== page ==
[edit on 30/6/10 by pause4thought]



posted on Jun, 30 2010 @ 11:50 PM
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The war was illegal. Not to mention illogical. It was a total choice and Bush and Blair LIED. Willfully and intentionally. In fact, some of their lies they themselves retracted, but hey guess what? No one noticed. Yellowcake forgeries. UN plane false flag, false reports of mass graves and WMD, cherry picked intel, and purposeful fearmongering on the people so they'd buy the tripe. The list goes on and on. And the same exact thing is happening now, for at least the third time against Iran. And next will be Syria. I hope enough information comes out to hang them all. They're traitors to their countries.



posted on Jun, 30 2010 @ 11:54 PM
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reply to post by axiomuser
 

They will never punish their predecessors because they all work for the same master. No excuse and not a factor in bringing justice. That is exactly the reason why war tribunals and trials brought by uninvolved parties (good luck with that one here) has traditionally been the standard way of dealing with things like this.



posted on Jul, 1 2010 @ 12:01 AM
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reply to post by ~Lucidity
 



UN plane false flag, false reports of mass graves and WMD, cherry picked intel, and purposeful fearmongering on the people so they'd buy the tripe. The list goes on and on.

And the reward?-


In January 2008, it was confirmed that Blair would be joining investment bank JPMorgan Chase in a "senior advisory capacity" and that he would advise Zurich Financial Services on climate change. Some sources have claimed that his role at JP Morgan will pay more than $1m (£500,000) a year. This additional salary will contribute to annual earnings of over £7m.

Blair also gives lectures and earns up to US$250,000 for a 90-minute speech...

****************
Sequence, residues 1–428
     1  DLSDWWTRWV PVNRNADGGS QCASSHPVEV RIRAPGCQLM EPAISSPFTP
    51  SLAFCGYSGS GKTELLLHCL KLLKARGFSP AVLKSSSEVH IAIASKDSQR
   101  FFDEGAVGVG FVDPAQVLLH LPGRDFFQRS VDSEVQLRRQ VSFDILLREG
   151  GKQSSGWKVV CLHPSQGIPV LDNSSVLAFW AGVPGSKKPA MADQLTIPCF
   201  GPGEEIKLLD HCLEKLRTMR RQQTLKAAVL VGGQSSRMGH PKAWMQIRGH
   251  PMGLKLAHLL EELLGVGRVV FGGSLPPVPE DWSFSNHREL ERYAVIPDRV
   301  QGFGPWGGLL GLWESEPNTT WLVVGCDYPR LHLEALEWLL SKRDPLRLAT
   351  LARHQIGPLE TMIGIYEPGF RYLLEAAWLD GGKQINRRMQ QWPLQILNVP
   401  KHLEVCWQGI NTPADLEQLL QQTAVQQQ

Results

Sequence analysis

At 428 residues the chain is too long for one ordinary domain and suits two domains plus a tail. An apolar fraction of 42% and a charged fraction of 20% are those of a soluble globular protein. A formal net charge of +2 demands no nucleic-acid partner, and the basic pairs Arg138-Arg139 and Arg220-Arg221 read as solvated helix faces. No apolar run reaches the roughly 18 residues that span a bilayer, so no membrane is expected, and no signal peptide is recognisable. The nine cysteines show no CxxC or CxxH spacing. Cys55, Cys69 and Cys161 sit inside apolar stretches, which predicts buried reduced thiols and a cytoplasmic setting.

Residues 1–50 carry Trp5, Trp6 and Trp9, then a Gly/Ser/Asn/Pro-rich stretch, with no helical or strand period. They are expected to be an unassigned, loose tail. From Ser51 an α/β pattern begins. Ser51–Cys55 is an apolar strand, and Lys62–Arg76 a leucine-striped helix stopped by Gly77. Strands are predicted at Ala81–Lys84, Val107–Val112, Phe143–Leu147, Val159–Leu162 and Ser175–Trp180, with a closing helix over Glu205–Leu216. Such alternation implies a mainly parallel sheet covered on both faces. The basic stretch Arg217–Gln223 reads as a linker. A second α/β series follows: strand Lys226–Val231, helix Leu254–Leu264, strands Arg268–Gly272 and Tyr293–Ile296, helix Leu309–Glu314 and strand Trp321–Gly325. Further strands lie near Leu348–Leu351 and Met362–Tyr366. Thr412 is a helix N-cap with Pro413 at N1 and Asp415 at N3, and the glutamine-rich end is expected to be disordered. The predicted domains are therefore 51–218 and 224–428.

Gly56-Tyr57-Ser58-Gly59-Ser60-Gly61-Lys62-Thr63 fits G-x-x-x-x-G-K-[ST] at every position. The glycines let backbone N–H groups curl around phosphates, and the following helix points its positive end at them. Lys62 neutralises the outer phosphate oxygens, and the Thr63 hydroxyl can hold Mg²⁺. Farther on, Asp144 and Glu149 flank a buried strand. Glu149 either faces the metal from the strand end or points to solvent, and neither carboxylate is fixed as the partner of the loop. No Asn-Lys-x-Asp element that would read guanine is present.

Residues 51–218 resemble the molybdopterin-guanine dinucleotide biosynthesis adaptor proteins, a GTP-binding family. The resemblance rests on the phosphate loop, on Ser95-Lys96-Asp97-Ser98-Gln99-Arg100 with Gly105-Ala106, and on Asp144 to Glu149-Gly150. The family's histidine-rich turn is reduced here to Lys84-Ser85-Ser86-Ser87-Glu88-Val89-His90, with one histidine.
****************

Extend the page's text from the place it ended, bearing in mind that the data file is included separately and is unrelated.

Blair's links with, and receipt of an undisclosed sum from, UI Energy Corporation, a Korean company with oil interests in northern Iraq, have also been subject to media comment in the UK...

In March 2010 the Advisory Committee on Business Appointments revealed that 14 months after resigning as Prime Minister, Blair had acted as a paid business consultant to an oil firm with interests in Iraq. For 20 months Blair had claimed market sensitivity should prevent the deal's disclosure. The news raised concerns that he had profited financially from contacts he made during the Iraq war...

Source



posted on Jul, 1 2010 @ 01:22 AM
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you might want to have a sick bag ready - check this out

news.bbc.co.uk...


What a world...



posted on Jul, 1 2010 @ 01:28 AM
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On a (slightly) related note, it is in the Daily Mail this morning that a friend of Dr David Kelly is saying that he couldn't have slit his wrists as he had an injury that would have made this difficult he also had an apparent distaste for tablets..

www.dailymail.co.uk...

Looks like the Daily Mail have their eye on this story here are a few other snippets from the past

www.dailymail.co.uk...

www.dailymail.co.uk...

This must be adding to Mr Blairs haunted dreams I imagine..